• E. Carmen Ramos
  • Edward J. Sullivan

In 2021, the National Gallery of Art in Washington, DC embarked on a new course after it redefined its mission, vision and values, which are all deeply grounded in deepening and expanding the museum’s collections and its service to audiences. In this talk, E. Carmen Ramos, Chief Curatorial and Conservation Officer at the National Gallery of Art, will discuss how she has navigated her new role and worked to embody the ideas of being an audience centered institution and being of the nation and for all the people.

E. Carmen Ramos is Chief Curatorial and Conservation Officer at The National Gallery of Art in Washington, D.C. She leads the curatorial and conservation teams as they serve the nation and beyond through collections development, ground-breaking scholarship, art conservation, and scientific research. Ramos previously served as the acting chief curator and curator of Latinx art at the Smithsonian American Art Museum (SAAM), where she built one of the largest collections of Latinx art at a museum of U.S. art. She organized award-winning exhibitions including ¡Printing the Revolution! The Rise and Impact of Chicano Graphics, 1965 to Now (2020), Our America: The Latino Presence in American Art (2013), and Down These Mean Streets: Community and Place in Urban Photography (2017). In addition to her numerous catalogues, her scholarship appears in American Art, and in books including Picturing Cuba: Art, Culture and Identity on the Island.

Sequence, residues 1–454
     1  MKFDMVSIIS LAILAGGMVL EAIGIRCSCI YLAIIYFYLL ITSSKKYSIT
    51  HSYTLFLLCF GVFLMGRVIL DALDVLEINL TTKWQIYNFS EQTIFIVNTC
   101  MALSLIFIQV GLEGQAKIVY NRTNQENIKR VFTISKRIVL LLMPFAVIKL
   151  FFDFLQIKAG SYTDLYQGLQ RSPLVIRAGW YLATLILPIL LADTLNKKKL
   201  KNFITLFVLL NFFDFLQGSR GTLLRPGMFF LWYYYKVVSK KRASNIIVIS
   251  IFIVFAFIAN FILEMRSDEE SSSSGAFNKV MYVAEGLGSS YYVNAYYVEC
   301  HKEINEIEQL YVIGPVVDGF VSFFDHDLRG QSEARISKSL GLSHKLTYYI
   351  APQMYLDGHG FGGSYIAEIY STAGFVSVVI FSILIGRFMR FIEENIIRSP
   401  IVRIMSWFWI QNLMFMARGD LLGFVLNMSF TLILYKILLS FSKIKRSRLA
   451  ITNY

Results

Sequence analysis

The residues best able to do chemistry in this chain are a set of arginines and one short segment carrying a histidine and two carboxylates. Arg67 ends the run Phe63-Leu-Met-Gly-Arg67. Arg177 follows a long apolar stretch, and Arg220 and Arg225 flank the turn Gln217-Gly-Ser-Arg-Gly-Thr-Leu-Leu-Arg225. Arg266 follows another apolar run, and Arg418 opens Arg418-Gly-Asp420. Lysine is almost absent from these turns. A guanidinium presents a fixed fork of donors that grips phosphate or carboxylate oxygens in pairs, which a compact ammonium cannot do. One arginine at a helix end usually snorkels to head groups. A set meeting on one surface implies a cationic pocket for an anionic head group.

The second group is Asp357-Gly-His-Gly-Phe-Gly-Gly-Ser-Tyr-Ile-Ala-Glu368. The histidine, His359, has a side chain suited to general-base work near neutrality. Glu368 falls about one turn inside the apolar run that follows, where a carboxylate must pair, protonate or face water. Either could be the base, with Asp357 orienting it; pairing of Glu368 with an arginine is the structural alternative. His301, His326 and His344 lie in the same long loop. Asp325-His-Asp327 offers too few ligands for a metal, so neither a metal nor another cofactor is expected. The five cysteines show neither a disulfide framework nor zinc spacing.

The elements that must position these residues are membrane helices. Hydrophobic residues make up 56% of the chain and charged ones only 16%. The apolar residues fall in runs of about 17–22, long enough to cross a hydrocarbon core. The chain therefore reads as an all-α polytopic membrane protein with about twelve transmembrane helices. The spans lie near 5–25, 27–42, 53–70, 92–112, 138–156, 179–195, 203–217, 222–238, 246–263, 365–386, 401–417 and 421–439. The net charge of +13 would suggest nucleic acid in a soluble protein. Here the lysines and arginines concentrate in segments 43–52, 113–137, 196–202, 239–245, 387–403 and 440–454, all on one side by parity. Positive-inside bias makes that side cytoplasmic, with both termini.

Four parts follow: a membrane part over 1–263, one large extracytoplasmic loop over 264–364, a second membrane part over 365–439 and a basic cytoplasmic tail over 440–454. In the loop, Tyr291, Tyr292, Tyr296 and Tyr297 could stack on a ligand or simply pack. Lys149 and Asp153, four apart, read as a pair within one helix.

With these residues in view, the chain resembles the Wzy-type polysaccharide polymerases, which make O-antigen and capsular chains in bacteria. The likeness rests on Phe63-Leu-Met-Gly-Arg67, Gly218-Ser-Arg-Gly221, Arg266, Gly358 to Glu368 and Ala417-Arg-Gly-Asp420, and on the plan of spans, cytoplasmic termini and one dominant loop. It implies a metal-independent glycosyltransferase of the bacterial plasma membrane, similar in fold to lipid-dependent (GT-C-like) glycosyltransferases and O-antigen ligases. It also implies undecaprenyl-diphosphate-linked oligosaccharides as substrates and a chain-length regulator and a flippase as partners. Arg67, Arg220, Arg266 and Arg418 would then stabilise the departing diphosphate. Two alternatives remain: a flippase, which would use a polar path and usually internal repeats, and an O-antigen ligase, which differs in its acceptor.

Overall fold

The program will be presented onsite at the James B. Duke House and live-streamed to those who join us by Zoom. Zoom details will be available upon registration for virtual attendees. Register here to attend the event via Zoom. Register here to attend in-person.


The Latin American Forum is a platform sustained in partnership with ISLAA that brings artists, scholars, and critics of the arts of the Americas to the Institute of Fine Arts, providing a platform for discussions and debates about diverse issues pertaining to contemporary arts and visual cultures throughout the hemisphere.

This series of public programs and events is coordinated by Edward J. Sullivan, Helen Gould Shepard Professor in the History of Art, the Institute of Fine Arts, New York University, and organized by graduate students. Since partnering with ISLAA in 2011, NYU’s Latin American Forum has hosted more than thirty events.

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Tue–Fri: 12–6 PM

Sat–Mon: Closed

Based in New York City, the Institute for Studies on Latin American Art (ISLAA) expands scholarship, public engagement, and the international visibility of art from Latin America.

ISLAA will be closed to the public this summer as we prepare to move to our new space in the fall.


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